Five judges on the European Union’s top court in Luxembourg are set to rule on the legality of France’s ban on hemp-derived CBD – and potentially upend the future of Europe’s hemp industry in the process.
Thursday’s ruling from the Court of Justice of the European Union on the so-called Kanavape case is one of the most highly anticipated decisions for Europe’s CBD industry. It sets the stage for the European Commission to take a final stance on whether flower-derived CBD should be regulated as a narcotic, and it comes two weeks before a December vote by the U.N. Commission on Narcotic Drugs on the way cannabis and related substances are scheduled in two international narcotics treaties.
One of those treaties – the Single Convention on Narcotic Drugs (1961) – has come under scrutiny of the EU court in deliberating the Kanavape case.
The Kanavape case originated with a 2014 dispute in France over the marketing of a CBD vape product whose contents were imported from the Czech Republic.
France, one of the top countries for hemp cultivation in Europe, prohibits the marketing of products derived from the hemp flower or the entire plant.
This ban allowed French authorities to prosecute Sébastien Béguerie and Antonin Cohen for marketing a hemp-derived CBD vaping product under the brand Kanavape.
The CBD used in Béguerie’s and Cohen’s Kanavape product, however, was extracted from legally-grown Czech hemp. This led a French appeals court judge to forward the case to the EU Court of Justice, asking if France’s restriction on hemp products violated the bloc’s free-movement principle.
In May, an adviser to the top court said France’s ban on the marketing of hemp-derived CBD products contradicted EU law on the free movement of goods.
Crucially, this non-binding opinion was based on the advocate general’s understanding that the free-movement principle applies because hemp-derived CBD is not classified as a narcotic drug under that 1961 United Nations treaty.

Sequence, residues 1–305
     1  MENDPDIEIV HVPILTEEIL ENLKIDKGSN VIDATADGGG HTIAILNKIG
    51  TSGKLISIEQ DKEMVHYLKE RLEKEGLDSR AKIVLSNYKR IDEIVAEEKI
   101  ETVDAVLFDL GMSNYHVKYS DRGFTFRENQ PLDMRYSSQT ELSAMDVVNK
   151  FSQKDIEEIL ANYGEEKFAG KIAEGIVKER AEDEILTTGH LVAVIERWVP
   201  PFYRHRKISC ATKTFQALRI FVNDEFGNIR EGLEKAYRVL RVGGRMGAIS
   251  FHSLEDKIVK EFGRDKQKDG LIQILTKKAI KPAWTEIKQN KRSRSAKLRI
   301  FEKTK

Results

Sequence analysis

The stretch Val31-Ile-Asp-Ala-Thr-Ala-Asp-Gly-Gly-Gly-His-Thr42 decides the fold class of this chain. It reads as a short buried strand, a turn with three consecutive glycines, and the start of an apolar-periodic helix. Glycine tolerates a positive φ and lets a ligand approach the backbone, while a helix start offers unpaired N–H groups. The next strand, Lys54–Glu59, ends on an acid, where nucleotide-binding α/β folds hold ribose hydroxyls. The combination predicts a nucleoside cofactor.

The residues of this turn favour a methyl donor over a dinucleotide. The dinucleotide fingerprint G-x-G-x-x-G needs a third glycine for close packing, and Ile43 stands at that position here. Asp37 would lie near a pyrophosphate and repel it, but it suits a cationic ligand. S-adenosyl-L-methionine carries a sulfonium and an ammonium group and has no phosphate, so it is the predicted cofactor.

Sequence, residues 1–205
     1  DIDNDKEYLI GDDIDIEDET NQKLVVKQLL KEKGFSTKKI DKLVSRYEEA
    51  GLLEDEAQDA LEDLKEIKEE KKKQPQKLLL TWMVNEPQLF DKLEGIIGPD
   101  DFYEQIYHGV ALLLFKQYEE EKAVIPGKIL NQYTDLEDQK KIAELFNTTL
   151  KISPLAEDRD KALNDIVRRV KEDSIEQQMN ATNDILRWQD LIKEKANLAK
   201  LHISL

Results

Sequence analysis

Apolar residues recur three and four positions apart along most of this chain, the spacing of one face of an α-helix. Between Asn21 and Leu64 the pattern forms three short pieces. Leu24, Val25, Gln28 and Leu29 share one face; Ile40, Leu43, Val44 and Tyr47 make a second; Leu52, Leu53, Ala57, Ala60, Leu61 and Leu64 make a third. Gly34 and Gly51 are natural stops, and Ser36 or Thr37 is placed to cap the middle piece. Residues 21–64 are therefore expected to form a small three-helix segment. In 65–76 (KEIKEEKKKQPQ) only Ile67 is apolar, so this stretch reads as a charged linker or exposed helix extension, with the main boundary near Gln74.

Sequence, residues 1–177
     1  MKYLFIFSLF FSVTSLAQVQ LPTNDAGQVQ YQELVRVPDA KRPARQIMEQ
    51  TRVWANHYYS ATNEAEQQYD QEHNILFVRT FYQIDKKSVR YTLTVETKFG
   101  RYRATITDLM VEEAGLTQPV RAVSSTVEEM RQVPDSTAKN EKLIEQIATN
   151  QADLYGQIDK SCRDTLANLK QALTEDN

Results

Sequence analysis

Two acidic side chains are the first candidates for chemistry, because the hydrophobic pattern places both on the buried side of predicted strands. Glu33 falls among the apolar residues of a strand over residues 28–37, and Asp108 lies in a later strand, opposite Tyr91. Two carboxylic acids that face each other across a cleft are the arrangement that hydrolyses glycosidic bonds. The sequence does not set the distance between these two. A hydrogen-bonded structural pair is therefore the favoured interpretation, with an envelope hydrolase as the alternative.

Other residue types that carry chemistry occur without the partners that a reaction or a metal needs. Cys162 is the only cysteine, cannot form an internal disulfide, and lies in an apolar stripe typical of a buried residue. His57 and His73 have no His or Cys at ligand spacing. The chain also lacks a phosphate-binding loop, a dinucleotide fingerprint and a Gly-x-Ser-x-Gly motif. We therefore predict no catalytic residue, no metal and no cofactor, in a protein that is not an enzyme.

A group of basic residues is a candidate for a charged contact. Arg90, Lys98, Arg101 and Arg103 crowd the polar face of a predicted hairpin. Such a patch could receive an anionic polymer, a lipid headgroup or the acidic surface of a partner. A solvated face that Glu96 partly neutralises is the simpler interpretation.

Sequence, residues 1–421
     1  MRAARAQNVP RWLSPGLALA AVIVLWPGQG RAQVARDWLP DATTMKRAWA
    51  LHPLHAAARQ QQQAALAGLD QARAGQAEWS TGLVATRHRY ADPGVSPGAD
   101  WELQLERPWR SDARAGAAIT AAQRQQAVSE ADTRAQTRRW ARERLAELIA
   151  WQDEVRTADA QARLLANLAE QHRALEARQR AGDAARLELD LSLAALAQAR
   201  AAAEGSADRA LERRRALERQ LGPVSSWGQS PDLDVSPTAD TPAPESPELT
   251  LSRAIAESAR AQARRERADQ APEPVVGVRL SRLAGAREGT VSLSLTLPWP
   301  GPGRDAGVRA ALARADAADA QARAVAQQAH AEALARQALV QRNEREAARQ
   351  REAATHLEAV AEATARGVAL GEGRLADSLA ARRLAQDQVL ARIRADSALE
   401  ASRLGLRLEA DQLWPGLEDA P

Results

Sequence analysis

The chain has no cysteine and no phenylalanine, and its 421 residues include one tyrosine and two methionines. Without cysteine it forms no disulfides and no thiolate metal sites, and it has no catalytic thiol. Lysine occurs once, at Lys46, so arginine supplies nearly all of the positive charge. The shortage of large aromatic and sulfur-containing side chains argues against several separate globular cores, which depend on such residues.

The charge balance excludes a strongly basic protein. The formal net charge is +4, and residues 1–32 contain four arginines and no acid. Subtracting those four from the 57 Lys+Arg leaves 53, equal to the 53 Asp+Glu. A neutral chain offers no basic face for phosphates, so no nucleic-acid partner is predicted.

The court’s judges generally follow the opinion of the advocate general.
But that may not be the case for the Kanavape case, which hinges on the interpretation of a decades-old narcotics treaty with wording that has long vexed hemp activists and regulators.
The five judges could offer a more rigorous reading of the 1961 treaty than the one offered by the advocate general in May, ruling that cannabidiol is a narcotic and therefore not subject to the EU’s free movement principle.
The judges could also interpret the UN treaty favorably for CBD, but not in the same terms as the general advocate.
What’s at stake
Eveline Van Keymeulen, a lawyer who represented Cohen, said the case will set a binding precedent at a critical time for the CBD industry. She wrote earlier this year that a decision following the advocate general’s opinion “will have a significant impact on the CBD industry in Europe, which is losing market share compared to other regions such as the US and Canada because of the fragmented” legal framework.
“It would not only require France to adapt its legislation in order to allow the marketing of CBD extracted from the entire hemp plant, but may also force other national regulators to (re)examine existing restrictions related to hemp-derived products in light of the free movement of goods in the EU,” wrote Keymeulen, counsel at Paris law firm Allen & Overy.
Syndicat Professionnel du Chanvre, a French association for hemp operators, has reached out to policymakers to prepare them for a range of possible rulings and to think about how each one might affect the French hemp industry and trade within the EU, said Melchior Bachelot, the group’s operations coordinator.
Monica Raymunt can be reached at firstname.lastname@example.org
Learn more about the latest cannabis market conditions in Europe at the European Market Passholder Day Forum at MJBizCon2020, coming up Nov. 23 or on demand anytime afterward.